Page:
“Doing good is just not good enough!”
By P.A. Sévigny
During last week’s hour-long lecture in Westmount’s Atwater Library, Matthew Pearce once again reminded his audience why charity must be more than “…just a soup kitchen and a bed.”
“Shelters were originally conceived as an emergency option and not as permanent housing for the destitute,” said Pearce. “So our goal is not to warehouse people but to help as many as we can to re-integrate back into society. Our ultimate mission is to end homelessness as we know it.”
As both the president and the chief executive officer of Montreal’s Old Brewery Mission, Pearce told his audience that he is determined to properly define what it really means to be homeless on the streets of this city. Even if it’s been 125 years after Mary Finley and Mina Douglas first welcomed their clients to the Old Brewery Mission, Pearce told his audience that his board, his staff and over a 100 other assorted organizations are still working hard to help people who call the city’s subway, its parks or some quiet corner in a downtown apartment building’s garage ‘home’.
Following a brief description of the Mission’s history over the past century, Pearce told his audience that its vocation has changed and that it is no longer and that “…we’re not there just to soothe the problems of the homeless as much as it’s up to us to solve the problems that lead to people being homeless.”
While using a powerpoint demonstration, Pearce stressed the point that “…doing good is just not good enough.” Even as the Mission is busy providing what is sometimes a life-saving service (especially in the winter), Pearce is determined to reform and expand its facilities in order to help people break out of the cycle of poverty that inevitably leads to the street.
“We must have reliable data,” he said. “That’s the only way we’re going to get a good idea as to how many people are actually out there on the street.”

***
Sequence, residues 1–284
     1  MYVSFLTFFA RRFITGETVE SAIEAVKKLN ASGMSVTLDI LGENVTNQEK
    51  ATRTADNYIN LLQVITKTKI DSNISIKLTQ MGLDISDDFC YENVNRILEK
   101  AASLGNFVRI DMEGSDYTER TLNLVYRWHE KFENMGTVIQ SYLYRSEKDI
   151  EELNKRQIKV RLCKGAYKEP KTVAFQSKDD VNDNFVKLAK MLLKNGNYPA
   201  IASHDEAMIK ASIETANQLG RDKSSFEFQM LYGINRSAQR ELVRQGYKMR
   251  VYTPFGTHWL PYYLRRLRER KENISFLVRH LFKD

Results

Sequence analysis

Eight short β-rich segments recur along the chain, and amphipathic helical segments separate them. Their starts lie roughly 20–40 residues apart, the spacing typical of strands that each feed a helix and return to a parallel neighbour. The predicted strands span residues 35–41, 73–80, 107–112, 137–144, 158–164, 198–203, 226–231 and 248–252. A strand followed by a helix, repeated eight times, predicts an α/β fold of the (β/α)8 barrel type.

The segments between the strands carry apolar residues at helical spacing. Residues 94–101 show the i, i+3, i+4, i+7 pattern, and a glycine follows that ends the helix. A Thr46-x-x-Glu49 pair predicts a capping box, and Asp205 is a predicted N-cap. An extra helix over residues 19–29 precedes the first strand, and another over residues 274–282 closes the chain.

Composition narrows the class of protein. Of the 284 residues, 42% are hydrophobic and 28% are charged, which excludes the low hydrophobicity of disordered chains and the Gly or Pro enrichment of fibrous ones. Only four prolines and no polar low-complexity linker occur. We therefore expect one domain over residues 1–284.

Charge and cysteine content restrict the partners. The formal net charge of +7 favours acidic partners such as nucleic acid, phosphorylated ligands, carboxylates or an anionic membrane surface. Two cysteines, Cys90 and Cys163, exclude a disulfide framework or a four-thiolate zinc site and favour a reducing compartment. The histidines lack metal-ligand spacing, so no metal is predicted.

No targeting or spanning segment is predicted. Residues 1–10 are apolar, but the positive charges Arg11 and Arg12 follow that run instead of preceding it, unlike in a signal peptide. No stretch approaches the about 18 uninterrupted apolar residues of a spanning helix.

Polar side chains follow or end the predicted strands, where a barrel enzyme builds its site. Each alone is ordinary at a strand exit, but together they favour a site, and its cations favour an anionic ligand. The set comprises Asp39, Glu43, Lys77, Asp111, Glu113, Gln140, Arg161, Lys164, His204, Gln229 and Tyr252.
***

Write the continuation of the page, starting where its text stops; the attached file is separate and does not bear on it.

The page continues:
To that end, and for the first time in the city’s history, staff and volunteers from all of the city’s major street-level charities will hit the streets over a single day (and night) in order to do an elementary census of the city’s homeless population.
“Those numbers will provide with a statistical tool by which we can evaluate the success (or failure) of all of our various programs,” said Pearce.
Once they have the numbers, Pearce believes all of the city’s poverty activists can begin to work out the coherent and comprehensive approach they will need in order to help fight, and finally solve the front-line problems that occur when you’re both poor and homeless in the city. Priorities include putting an end to the endless multiplication of assorted programs and initiatives that inevitably delete the resources people need to help deal with the extreme street-level poverty in this city.
“We must knit all of the federal, provincial and municipal programs into one coherent and comprehensive approach,” said the veteran activist as he described the massive duplication of effort and resources on the part of all three levels of government.
As a street-wise activist, Pearce remains an optimist because, according to him, most of the city’s homeless are going through what usually ends up as being a brief slough of bad times after which the Mission’s records indicate that only five percent of their clients can be defined as ‘chronically homeless’. While there are many reasons why some men (and women) may prefer the streets to having any other kind of home, Pearce said mental illness has a lot to do with such decisions and there’s a lot that can be done to help these people. While immediate measures such as rent banks, on-site medical and psychiatric care along with a good, nutritious meal when you need one, Pearce continues to believe that affordable housing for the poor will always be the ultimate weapon by which society can help the homeless.
“As of now,” said Pearce,”… we’re doing everything we can to turn the Old Brewery Mission into a gateway people can use to get off the street.”